Aristotle’s idea of the whole being greater than the sum of its parts is what Anicko – a.k.a. Anick Bouchard – explores in her portraits.
The mixed-media artist, whose work is exhibited by Galerie d’art Le Bourget in Old Montreal, takes the notion a step further by delving into how fragments of our lives – encounters, experiences, errors, ecstasies – miraculously come together to form our personalities like the pieces of a jigsaw puzzle.
“I’m interested in how we piece together a new existence for ourselves every time we move to a new place, start a new job, fall in love…” she says.
Anicko delineates each of these aspects with the definitive lines and various colours reminiscent of stained glass. “I use colour and shapes to show how even small changes in our exterior world affect us internally,” she explains. “And brilliant elements reflect the parts of us that always shine, even in darker times.”
The various textures in her work represent the emotional layers that accumulate over time, strengthening us while we remain quite fragile in spots.
“I focus on positive women because that’s the energy that I want to put into the world,” Anicko says. “I want the people who buy my art to live with that positivity every day.”
Anicko studies as many as 50 different photographs of each of her canvases to scrutinize every angle. “The distance afforded by the photographic images helps me to see things in my art that I don’t always notice directly,” she says.
Her artistry first emerged in music. She left her native La Baie in the Saguenay as a teenager to study vocal technique for pop and jazz at Montreal’s Collège Lionel-Groulx.
Some Quebecers are familiar with her singing/song-writing abilities from her days with the Caniche Hara-Kiri group that she co-founded in 2004. “That’s also when I really started to get into stage makeup and costumes,” she says. Anicko so adored the transformative power of artistic makeup that she studied it at Montreal’s Collège Inter-Dec and then spent a decade collaborating with photographers and filmmakers as a professional makeup artist.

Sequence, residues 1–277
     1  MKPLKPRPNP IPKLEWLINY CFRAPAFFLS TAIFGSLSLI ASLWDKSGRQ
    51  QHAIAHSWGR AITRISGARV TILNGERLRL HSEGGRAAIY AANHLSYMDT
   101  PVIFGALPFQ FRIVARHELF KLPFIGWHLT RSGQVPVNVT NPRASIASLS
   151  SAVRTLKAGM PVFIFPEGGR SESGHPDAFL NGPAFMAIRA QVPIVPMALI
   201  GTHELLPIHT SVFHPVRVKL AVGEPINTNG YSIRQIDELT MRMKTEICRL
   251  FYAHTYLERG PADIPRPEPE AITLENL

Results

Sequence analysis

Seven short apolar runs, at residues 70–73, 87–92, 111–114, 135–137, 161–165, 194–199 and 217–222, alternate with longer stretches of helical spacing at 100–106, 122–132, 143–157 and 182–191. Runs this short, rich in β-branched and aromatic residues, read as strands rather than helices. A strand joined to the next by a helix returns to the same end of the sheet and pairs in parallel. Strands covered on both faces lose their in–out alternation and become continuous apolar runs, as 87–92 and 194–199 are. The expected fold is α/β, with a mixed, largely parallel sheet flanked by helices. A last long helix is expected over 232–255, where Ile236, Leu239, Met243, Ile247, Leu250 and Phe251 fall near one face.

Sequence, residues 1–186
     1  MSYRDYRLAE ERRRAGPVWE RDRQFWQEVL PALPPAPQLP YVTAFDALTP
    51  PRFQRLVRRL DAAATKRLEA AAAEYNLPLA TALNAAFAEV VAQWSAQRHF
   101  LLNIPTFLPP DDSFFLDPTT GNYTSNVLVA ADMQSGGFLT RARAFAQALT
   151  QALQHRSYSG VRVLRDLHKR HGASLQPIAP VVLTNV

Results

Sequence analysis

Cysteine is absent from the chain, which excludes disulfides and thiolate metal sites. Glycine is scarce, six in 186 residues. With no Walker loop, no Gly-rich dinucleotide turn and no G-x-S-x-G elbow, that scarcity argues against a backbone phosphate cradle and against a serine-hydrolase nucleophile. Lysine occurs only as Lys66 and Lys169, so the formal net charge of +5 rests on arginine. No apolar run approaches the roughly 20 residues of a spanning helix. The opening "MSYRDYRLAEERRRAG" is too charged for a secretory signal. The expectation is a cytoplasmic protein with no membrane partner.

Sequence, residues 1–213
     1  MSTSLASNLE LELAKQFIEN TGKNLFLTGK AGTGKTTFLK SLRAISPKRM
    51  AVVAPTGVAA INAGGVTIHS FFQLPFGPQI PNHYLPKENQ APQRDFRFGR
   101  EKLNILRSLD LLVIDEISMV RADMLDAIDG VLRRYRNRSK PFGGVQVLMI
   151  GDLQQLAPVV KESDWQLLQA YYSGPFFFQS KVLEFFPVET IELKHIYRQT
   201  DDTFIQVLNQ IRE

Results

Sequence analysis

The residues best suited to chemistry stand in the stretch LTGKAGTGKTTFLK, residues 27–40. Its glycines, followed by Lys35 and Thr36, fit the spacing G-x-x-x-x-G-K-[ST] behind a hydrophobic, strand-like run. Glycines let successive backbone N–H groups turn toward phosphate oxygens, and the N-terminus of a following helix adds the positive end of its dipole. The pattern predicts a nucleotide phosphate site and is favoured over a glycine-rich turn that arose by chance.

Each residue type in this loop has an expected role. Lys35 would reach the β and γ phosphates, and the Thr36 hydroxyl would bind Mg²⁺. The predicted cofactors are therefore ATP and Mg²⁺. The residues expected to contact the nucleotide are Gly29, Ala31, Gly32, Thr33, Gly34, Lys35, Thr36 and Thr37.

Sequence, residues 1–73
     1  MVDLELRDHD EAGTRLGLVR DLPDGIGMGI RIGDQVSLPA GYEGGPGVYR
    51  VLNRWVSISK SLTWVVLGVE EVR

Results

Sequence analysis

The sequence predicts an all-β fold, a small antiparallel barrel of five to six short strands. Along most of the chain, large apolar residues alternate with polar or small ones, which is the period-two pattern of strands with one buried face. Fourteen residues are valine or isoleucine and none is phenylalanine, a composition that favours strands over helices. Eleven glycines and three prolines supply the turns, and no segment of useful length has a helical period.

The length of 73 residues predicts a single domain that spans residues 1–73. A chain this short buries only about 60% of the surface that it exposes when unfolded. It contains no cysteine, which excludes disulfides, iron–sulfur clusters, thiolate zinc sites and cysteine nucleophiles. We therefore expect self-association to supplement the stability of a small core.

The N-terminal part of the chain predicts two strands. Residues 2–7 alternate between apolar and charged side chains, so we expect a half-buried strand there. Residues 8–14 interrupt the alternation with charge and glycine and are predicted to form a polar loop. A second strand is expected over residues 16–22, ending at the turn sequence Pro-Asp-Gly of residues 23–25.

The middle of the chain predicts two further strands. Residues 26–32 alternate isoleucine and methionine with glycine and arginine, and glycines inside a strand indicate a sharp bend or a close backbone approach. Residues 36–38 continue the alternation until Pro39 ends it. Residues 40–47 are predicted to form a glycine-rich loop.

“I still feel I’m doing the makeup of my subjects but to reveal their inner beauty,” she says, adding that in her visual art she is raising the same sort of internal identity questions that she expressed with her music.
This comes across in the lighter visage of La Mise à Nu, which gives the distinct impression of an emotional mask having been removed to lay bare the force and fragility of a woman’s face.
Upon returning to the Saguenay, Anicko studied Art at l’Université de Chicoutimi and started to have her work exhibited upon graduation three years later. She can hardly keep up with the demand for her original works and limited prints now.
“I try always to be very mindful of my own mood when I’m in my studio because I know that it comes across in my art,” she says. “It’s why I’ve changed my way of life significantly in recent years – to convey and champion a positive outlook of the human spirit instead of the earlier chaos I lived.”
Admirers of Anicko’s work have noted that the subjects in a number of her paintings resemble her. In some cases, she may have subconsciously painted one of her three sisters who looks like her. In others, she acknowledges that aspects of herself may have unknowingly emerged in the powerful women whom she wants to portray from diverse cultural backgrounds.
The geisha in Battement Dailes emerged during a particularly amorous period of her life, while she’s uncertain of the origins of the aboriginal spirit found in Le Sentier, except that it portrays a woman who is clear about her life path.
“It’s difficult for me to discuss my art because I’m no longer in that frame of mind or mood once a piece is done,” she says.
With the exception of a man resembling her brother-in-law in Nous, all of her portraits to date have been of women. “And I really hope to feature women from yet other cultures,” she says.
“I’m thinking of painting children next,” she adds. “I’m curious about how the ‘jigsaw’ pieces of a child with a pure, instinctive outlook on life might look.” •
Galerie d’art Le Bourget
34 St. Paul St. W., Montreal